Enterprise service bus, the buzzword that's enjoying the peak of its hype cycle just now, is about to become obsolete. Once it starts to fall out of favor, I'm betting that it'll be downhill all the way. I doubt many people will be talking about ESB in a year or two.
This week saw the launch of the first SOA infrastructure product to offer robust, enterprise-class messaging built solely on web services standards. Blue Titan's Network Director RM, which is due to ship early next year, embeds queue technology in its web services routers to guarantee delivery of messages, and is also fully compliant with the latest draft of WS-ReliableMessaging.
At a stroke, the notion of ESB becomes redundant. Why double up messaging capability if you have it integrated into the SOA infrastructure already? "We believe the market for ESB is transitory," Blue Titan's director of product marketing Chris Schin told me last week. I wholeheartedly agree with him.
At Gartner's Application Integration and Web Services Summit this week, the research organization's chief cheerleader for ESB, Ray Schulte, admitted the critical flaw in the ESB concept: "The newest integration headache might be over integrating proprietary ESBs," he said, according to SearchWebServices. What a misnomer it is to call this technology an enterprise bus when it seems that most enterprises will have several of them if not dozens each addressing a separate archipelago of integration.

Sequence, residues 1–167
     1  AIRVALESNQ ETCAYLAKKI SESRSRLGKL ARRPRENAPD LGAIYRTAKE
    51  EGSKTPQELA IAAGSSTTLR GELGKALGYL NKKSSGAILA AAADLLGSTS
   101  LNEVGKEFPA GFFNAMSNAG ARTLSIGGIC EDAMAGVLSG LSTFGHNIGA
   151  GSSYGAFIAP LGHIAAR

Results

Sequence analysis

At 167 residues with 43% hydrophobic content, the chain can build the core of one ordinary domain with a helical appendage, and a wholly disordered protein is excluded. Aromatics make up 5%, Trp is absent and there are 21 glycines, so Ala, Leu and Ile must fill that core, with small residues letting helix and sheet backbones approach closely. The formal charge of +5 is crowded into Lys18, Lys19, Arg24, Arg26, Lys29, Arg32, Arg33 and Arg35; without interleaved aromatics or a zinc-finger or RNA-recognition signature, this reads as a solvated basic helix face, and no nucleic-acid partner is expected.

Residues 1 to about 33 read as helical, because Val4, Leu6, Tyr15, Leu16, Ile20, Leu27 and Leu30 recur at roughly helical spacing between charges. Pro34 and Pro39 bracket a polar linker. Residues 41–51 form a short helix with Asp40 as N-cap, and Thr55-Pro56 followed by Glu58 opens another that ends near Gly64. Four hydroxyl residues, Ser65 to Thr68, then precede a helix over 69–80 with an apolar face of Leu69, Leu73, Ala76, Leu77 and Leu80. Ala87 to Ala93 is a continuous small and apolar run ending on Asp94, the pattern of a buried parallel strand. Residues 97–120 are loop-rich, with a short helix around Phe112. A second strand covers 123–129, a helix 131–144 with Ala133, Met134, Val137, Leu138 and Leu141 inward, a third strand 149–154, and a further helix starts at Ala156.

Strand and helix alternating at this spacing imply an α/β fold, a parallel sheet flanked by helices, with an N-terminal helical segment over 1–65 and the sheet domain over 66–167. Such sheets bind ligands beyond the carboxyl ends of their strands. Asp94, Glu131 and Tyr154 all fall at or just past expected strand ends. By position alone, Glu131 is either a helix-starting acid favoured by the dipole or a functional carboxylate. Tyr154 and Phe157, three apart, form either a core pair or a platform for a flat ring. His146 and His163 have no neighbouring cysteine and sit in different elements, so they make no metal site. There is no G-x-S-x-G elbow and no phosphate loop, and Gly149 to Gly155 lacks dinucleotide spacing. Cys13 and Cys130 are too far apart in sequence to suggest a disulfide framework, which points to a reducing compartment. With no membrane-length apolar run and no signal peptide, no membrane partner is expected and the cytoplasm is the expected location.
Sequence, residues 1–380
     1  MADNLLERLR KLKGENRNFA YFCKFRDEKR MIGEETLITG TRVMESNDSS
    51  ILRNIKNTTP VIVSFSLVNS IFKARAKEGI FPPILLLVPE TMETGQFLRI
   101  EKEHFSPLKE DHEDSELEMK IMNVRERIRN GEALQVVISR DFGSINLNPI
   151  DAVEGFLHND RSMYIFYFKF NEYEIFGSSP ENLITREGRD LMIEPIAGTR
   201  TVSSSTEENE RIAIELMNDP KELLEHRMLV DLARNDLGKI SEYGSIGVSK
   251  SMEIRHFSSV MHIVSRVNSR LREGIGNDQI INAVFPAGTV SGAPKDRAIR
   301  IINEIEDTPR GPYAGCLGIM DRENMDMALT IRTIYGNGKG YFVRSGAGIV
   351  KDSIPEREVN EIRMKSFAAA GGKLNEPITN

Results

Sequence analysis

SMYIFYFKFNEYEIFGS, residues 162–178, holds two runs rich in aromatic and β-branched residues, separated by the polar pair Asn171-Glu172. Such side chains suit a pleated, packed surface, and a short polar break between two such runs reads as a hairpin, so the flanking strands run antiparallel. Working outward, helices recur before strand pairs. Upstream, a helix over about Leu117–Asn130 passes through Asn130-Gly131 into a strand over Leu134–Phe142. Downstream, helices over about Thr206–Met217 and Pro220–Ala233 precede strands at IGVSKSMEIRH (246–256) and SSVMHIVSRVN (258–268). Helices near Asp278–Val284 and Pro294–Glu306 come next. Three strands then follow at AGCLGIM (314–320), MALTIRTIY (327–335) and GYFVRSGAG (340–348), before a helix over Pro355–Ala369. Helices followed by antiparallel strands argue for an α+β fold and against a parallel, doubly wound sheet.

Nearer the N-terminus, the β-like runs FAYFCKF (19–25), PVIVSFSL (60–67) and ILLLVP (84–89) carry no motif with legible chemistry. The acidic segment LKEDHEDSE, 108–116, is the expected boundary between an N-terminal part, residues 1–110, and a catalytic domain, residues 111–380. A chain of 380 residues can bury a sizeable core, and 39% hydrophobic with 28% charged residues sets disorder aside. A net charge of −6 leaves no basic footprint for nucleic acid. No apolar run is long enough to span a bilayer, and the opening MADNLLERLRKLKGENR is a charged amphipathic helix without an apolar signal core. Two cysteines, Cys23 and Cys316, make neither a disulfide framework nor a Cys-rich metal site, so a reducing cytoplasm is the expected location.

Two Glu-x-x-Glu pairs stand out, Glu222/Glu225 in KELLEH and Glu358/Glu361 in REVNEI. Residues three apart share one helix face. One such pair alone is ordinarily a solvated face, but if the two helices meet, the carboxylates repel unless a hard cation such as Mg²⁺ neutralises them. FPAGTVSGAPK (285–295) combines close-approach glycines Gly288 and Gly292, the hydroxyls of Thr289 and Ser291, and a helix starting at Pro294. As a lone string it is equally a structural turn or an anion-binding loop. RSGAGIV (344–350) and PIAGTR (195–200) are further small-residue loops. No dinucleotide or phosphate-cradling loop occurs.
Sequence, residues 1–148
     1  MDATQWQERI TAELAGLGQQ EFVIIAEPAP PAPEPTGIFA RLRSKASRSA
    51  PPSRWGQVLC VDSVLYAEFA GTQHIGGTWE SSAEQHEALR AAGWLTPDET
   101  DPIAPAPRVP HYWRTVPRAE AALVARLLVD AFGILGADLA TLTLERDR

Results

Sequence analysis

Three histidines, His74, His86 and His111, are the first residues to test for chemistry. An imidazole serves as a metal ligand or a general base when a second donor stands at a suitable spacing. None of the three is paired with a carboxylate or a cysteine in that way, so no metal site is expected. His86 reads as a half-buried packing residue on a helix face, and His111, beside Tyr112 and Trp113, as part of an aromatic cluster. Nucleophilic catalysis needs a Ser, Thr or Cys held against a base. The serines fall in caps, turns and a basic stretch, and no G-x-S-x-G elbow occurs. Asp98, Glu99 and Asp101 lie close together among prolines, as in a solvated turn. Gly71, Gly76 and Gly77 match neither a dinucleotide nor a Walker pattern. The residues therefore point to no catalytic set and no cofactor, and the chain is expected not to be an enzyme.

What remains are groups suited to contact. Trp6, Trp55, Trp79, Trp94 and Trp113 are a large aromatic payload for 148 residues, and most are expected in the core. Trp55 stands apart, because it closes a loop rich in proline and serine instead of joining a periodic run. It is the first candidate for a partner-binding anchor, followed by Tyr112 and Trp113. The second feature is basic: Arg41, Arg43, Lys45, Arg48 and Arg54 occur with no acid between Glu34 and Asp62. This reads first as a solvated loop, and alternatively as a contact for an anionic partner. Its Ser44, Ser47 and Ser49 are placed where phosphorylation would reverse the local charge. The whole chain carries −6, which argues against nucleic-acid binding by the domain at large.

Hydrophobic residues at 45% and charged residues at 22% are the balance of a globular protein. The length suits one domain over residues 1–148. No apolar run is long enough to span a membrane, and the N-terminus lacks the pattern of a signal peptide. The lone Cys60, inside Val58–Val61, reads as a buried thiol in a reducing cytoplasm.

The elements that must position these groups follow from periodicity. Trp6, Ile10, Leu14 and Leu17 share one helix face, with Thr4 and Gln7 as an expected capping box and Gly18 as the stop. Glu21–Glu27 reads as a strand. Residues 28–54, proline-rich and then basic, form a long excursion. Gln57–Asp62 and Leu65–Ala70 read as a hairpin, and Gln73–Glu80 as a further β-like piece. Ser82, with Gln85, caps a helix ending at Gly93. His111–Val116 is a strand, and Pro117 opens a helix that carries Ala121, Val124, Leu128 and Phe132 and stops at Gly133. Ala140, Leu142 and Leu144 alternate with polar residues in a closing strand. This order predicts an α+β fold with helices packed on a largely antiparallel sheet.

Blue Titan readily admits that its product doesn't replace all of the functionality that's typically included in a packaged ESB. But then Blue Titan's aim is to give its customers an SOA fabric that straddles the entire enterprise, not sell them an extra piece of integration middleware that will still require further mediation.
An ESB looks attractive when compared to costlier, more proprietary EAI solutions. But unless it's based purely on web services standards, then it still involves integration compromises that customers may later come to rue. Some will find they have to double up the (usually JMS-based) messaging of the ESB with subsequent web services-compliant messaging technology; most will find themselves 'tripling up' as they layer web services above both JMS and whatever proprietary messaging they already had installed previously. Now that WS-ReliableMessaging is production-ready (along with its Sun-backed rival, WS-Reliability, which OASIS ratified this week), we're close to being able to build a reliable, secure services infrastructure that's entirely based on web services standards, and customers can choose to skip the ESB step.
SearchWebServices chose the right headline: The bus stops here. Indeed. My prediction is that many customers will be hopping off the packaged ESB bandwagon, rather than clambering on.